Fissures deepen within Asean over ‘lost cause’ Myanmar

It has been eight months since the military overthrew the elected government in Myanmar.

Yet, there has not been any concrete steps taken by the Association of Southeast Asian Nations (Asean) in addressing the power grab that resulted in hundreds of thousands fleeing the country, and its economy tanking.

Malaysia’s Foreign Minister, Datuk Saifuddin Abdullah, yesterday expressed disappointment over the Myanmar junta’s refusal to allow Asean’s special envoy full access to individuals in the country.

“Unless there is progress, it would be difficult to have the chairman of the State Administration Council of Myanmar at the Asean Summit (scheduled later this month),” Saifuddin said.

Asean Parliamentarians for Human Rights chair, Charles Santiago, called it a “frustrating” affair.

“It’s frustrating for all, especially the (Myanmar) people,” said Santiago.

Santiago, who is also Klang MP, had grown tired of attending numerous “closed-door, and open-door meetings”. In short, Asean has been all talk, but no action.

Brunei’s Second Foreign Minister, Erywan Yusof, was selected to lead an Asean special mission to facilitate dialogue in Myanmar. Yet, his trip could turn out to be a waste of time as Myanmar’s junta had said that it was unlikely to let Erywan meet ousted leader Aung San Suu Kyi, from the National League of Democracy (NLD) party. The NLD won the election last year, but its time in office was cut short by the military coup in February.

Suu Kyi, 76, is facing several charges, including sedition, flouting Covid-19 restrictions during the election, and illegally importing walkie-talkies.

Time is also running out for those intending to make a difference.

With slightly over two months left before the year ends, Cambodia will take over as Asean chair next year. Santiago feared this would scupper efforts to bring democracy back to Myanmar.

This was because Cambodia’s Prime Minister, Hun Sen, had acknowledged Myanmar’s military government, and had even pledged to help control the coronavirus pandemic in the country.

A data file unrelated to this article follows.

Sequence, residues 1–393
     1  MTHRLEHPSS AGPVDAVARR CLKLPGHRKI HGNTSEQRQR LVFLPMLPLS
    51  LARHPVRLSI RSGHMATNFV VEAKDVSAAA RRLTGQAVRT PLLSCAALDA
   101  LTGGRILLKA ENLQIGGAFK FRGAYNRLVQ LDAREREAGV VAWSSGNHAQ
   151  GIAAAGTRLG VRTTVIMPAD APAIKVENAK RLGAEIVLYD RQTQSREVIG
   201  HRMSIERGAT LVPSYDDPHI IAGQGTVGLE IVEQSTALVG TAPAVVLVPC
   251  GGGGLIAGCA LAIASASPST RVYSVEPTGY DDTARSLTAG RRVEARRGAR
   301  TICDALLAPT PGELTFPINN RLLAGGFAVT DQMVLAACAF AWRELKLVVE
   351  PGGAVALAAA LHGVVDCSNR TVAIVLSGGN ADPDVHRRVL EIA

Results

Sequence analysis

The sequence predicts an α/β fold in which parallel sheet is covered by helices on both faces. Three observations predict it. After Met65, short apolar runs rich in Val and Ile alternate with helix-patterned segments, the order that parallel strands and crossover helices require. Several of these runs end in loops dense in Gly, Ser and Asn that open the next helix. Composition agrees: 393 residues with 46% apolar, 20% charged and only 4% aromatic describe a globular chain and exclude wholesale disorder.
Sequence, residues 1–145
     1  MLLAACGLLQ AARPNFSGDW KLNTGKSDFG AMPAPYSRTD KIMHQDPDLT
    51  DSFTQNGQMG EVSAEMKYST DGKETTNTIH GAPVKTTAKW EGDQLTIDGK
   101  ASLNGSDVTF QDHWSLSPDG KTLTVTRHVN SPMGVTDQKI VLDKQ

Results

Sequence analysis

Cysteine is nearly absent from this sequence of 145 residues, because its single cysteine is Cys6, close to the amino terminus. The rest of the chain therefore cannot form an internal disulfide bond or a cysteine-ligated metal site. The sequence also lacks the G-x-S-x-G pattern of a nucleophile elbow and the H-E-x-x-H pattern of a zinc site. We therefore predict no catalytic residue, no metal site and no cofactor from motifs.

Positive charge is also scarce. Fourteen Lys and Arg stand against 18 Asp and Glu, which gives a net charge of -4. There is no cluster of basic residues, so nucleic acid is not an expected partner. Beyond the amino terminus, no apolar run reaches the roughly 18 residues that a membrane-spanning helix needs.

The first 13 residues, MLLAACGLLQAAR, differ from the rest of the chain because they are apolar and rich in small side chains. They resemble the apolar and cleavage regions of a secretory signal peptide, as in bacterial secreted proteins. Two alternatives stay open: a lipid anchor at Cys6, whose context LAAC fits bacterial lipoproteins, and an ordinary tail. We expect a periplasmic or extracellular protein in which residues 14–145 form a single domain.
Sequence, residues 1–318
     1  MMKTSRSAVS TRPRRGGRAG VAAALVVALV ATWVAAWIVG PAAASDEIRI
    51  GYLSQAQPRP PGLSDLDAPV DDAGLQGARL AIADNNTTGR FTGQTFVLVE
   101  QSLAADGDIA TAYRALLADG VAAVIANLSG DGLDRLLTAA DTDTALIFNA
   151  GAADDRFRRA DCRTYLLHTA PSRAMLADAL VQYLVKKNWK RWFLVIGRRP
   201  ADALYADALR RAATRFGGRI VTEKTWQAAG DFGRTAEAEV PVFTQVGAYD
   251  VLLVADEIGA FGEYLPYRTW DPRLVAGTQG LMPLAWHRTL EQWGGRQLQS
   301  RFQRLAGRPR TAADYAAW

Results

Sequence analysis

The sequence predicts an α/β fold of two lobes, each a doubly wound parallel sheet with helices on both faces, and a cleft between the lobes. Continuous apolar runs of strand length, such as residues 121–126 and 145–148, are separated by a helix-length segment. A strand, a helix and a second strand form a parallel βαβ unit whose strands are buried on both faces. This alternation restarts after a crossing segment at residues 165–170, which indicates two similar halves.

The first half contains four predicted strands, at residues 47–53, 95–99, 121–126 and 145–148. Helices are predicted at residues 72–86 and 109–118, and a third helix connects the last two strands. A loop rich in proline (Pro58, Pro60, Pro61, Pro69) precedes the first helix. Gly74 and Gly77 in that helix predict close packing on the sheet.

“Erywan is in a bind. If he goes to Myanmar and doesn’t get to meet Suu Kyi, then what can he do? With Cambodia being the chair next year, nothing is going to happen.”

The political and economic instability resulted in a mass exodus of Myanmar nationals out of the country. The ripple effect would mean an influx of migrants into neighbouring nations, namely India, Thailand, Indonesia, and Malaysia.

“The best strategy is to stop them (Myanmar nationals) from going out, but that’s not happening. As such, more resources must be placed at the borders to provide medical and food support, especially for the women, children and the infirm, who are escaping from Myanmar.

“This is where Asean has to grow a backbone. Either say Myanmar is out of Asean or slap them with a three-year suspension.”

Santiago was quick to add that the division within Asean over this issue was evident.

“Asean must come up with a decision, but we see a division among the member states in this matter. There are some countries that want democracy in Myanmar, there are others who support military rule.

“It looks like Myanmar is a lost cause. The victims are its people. We will see more refugees; the narcotics trade will increase, and so too, will weapons smuggling. The whole region will be affected,” he added.